Diversity, Equity and Inclusion Series: The hiring system and its hidden obstacle course
Part 1 of our interview with Jennifer Tardy, Career Success Coach and Certified Diversity Executive and Practitioner
In part 1 of our series on Diversity, Equity and Inclusion, TorchLight’s Stephanie Ranno recently sat down with Jennifer Tardy. Jennifer is a Career Coach and Certified Diversity Executive and Practitioner and discusses obstacles in the hiring system. She explores the future of DEI and explains how to navigate the industry as both a job seeker and employer.
Thanks so much for agreeing to be part of our learnings and conversation regarding diversity, equity and inclusion in hiring.
Jennifer: I’m beyond excited to bring your knowledge and experience to both our client and candidate audiences.
Just to give everyone a bit of background, you spent the first part of your 14-year career in recruiting. Specifically–corporate recruiting–working in a variety of industries. And then in 2018, you made the move to entrepreneurship. You wanted to help both job seekers and companies through the hiring process.
Tell us about the moment you knew that you needed to found your own business.
Jennifer: Thank you for having me, Stephanie. The last confirmation that I needed in order to finally bet on myself (and start this business) was when I watched a White woman with less experience, but more access to exclusive networks of White men in power, get promoted to my level and then above me within the matter of two years. No positions were ever posted; no chance to throw my hat in the ring. Only an email announcing her new opportunity. When I asked why, the answer was because of her relationships with these leaders.
The passion I have for helping others gain access is rooted in all of my experiences in the career environment. Both good and bad.
It is my calling to help others create influence and gain the success they are looking for in every possible career. All the while helping recruiters create the most diverse pool of potential talent possible.
Give us the context of how bias shows up in a company’s hiring system. Even more basic, what exactly is a “hiring system?”
Jennifer: To talk about a hiring system, let me shed light on what a system is. A system includes all the policies, practices and behaviors with which we comply to make something operate. There are many examples of systems, like the healthcare system, education system, criminal justice system and housing system. These happen to be some of the most powerful systems in the world.
So, a hiring system or the employment system is another example of a system. When you hear people speak of something being systemic, they are referring to something being deeply embedded inside of a system.
Ok, so how do many company’s hiring systems create a biased obstacle course for traditionally underrepresented populations?
Jennifer: When bias (unconscious or overt) is deeply embedded into a hiring system (i.e., systemic bias), it can create challenges for even the most qualified candidates to gain access to positions. Here is a great example:
If a hiring manager has only worked around nuclear engineers who identify as White and male and are over 30 years old, they may already have an image in their mind of what a nuclear engineer should “look like.”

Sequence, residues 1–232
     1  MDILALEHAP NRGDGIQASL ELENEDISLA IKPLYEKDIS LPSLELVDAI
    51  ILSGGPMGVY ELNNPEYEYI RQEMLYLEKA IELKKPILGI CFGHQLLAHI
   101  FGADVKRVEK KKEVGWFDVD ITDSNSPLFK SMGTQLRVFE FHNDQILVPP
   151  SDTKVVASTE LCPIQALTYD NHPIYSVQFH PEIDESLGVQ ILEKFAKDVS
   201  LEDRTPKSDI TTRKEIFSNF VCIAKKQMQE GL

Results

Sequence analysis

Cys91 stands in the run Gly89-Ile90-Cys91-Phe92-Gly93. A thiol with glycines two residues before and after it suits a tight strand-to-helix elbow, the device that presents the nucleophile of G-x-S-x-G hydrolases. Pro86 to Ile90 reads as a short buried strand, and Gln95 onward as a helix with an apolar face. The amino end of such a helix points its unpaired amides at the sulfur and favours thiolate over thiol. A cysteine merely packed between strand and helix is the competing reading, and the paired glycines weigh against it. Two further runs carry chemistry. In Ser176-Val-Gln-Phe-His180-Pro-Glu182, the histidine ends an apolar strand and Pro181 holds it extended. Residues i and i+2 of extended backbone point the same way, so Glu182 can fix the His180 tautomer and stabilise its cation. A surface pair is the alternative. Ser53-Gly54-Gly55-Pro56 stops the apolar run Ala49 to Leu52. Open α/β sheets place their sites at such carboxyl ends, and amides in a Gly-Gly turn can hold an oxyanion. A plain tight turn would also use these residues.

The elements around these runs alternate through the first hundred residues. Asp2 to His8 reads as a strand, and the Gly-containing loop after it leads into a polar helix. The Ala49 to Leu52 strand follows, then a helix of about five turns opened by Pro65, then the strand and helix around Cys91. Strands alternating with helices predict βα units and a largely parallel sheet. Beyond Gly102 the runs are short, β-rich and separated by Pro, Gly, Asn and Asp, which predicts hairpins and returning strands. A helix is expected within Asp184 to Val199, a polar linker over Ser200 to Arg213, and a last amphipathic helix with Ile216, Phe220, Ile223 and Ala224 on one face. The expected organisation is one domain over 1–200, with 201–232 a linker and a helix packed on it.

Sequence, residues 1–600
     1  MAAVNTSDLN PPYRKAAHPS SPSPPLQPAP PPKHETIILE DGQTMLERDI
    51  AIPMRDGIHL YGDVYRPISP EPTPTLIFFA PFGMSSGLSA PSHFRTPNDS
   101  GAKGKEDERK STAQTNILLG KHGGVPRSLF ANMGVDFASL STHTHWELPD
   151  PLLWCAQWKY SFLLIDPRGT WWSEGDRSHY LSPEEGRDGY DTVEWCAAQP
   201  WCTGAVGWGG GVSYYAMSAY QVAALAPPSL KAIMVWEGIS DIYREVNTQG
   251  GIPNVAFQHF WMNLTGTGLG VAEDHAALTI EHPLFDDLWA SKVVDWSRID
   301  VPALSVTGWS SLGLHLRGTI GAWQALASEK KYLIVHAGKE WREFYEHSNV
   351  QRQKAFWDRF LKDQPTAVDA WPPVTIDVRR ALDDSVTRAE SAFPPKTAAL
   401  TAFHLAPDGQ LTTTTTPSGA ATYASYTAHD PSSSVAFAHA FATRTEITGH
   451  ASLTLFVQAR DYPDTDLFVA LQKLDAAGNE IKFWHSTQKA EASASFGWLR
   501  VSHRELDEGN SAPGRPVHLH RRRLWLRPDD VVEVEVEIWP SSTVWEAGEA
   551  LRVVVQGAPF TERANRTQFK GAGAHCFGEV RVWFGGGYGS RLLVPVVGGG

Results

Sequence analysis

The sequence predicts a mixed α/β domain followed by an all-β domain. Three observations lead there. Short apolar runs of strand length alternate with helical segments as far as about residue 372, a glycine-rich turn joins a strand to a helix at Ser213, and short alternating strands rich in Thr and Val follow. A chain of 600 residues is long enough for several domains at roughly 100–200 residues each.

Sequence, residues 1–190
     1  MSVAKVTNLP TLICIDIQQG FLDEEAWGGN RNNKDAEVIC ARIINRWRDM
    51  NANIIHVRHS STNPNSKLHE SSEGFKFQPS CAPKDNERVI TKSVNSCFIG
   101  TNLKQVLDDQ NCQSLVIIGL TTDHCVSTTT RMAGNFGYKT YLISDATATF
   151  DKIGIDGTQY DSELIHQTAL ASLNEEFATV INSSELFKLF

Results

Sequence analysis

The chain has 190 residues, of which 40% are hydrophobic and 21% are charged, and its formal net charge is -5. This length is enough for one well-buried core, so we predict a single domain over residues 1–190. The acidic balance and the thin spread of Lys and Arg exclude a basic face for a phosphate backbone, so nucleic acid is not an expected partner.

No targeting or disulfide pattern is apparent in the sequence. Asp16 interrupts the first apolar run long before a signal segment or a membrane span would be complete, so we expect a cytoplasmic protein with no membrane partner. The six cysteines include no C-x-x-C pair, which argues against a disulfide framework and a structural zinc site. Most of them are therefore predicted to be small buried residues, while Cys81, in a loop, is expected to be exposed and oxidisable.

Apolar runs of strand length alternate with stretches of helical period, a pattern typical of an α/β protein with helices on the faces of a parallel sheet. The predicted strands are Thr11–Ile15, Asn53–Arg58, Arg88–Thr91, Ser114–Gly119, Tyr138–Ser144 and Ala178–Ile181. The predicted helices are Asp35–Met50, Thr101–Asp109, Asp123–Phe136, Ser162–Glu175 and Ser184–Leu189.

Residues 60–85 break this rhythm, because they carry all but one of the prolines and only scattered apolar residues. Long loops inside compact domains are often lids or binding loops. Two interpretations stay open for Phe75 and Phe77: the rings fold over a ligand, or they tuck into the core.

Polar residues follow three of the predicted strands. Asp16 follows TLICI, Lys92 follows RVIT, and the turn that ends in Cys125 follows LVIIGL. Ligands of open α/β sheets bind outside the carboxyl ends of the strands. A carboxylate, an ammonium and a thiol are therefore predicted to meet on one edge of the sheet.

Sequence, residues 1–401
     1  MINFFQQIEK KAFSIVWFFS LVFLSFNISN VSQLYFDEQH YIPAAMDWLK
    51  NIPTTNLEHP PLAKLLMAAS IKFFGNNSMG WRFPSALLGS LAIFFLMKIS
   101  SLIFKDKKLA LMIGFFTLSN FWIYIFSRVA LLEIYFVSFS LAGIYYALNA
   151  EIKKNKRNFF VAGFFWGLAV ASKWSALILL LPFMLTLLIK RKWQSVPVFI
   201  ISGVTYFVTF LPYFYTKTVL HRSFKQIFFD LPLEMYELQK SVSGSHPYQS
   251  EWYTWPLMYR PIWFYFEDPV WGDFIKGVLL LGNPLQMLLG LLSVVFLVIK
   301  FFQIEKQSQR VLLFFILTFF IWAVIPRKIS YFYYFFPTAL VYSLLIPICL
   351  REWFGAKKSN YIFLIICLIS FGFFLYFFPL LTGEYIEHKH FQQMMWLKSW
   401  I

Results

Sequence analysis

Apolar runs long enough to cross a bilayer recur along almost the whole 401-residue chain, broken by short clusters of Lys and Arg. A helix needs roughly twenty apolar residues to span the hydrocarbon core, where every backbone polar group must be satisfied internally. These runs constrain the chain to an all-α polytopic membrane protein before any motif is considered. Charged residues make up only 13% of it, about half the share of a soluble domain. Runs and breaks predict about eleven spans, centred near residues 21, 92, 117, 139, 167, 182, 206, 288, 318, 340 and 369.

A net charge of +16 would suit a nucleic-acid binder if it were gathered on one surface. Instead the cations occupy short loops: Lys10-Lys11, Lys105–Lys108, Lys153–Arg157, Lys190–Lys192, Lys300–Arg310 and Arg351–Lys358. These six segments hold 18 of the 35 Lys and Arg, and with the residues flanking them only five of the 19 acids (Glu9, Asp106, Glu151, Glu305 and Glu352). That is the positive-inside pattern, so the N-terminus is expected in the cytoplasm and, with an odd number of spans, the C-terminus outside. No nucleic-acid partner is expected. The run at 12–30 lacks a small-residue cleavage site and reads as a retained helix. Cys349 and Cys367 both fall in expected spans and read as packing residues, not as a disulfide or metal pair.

Many companies are spending thousands or even hundreds of thousands of dollars to source and attract top talent. Specifically, in diversity recruiting, companies are investing lots of dollars into new partnerships and platforms.
This investment in diversity recruiting seems to be a good thing. Yet, all the investments don’t seem to be making an impact on the numbers of underrepresented populations employed by a company. I’m guessing diversity recruiting is more than just a pipeline problem?
Jennifer: Correct. The challenge is that many companies are funneling this talent into a hiring process that historically was meant to reserve the most coveted opportunities for White men.
Don’t get me wrong. A lot has improved with the advent of legislation like the Civil Rights Act of 1964 which enacted to safeguard protected groups from discrimination. But what was once overt discrimination still has remnants of covert discrimination and what was once intentional bias now shows up as unconscious bias.
And that is what we still have yet to dismantle. This bias creates a leaky talent pipeline, where candidates withdraw from your hiring process, are prematurely/immaturely rejected–or even get hired–and soon after, exit the organization.
There’s no way to increase diversity if candidates (or new hires) are withdrawing, being rejected or exiting your organization as fast as you are sourcing them.
So what you’re saying is, a company has to look at the entire system of hiring, management, promotion, and retention–pretty much the entire culture of the company–to begin to make measurable progress in diversifying their company.
So, how can employers best identify areas within their hiring process that create an obstacle course for candidates?
Read Jennifer’s response to this crucial question in part 2 of our Diversity, Equity and Inclusion series next week. Visit jennifertardy.com for career resources.
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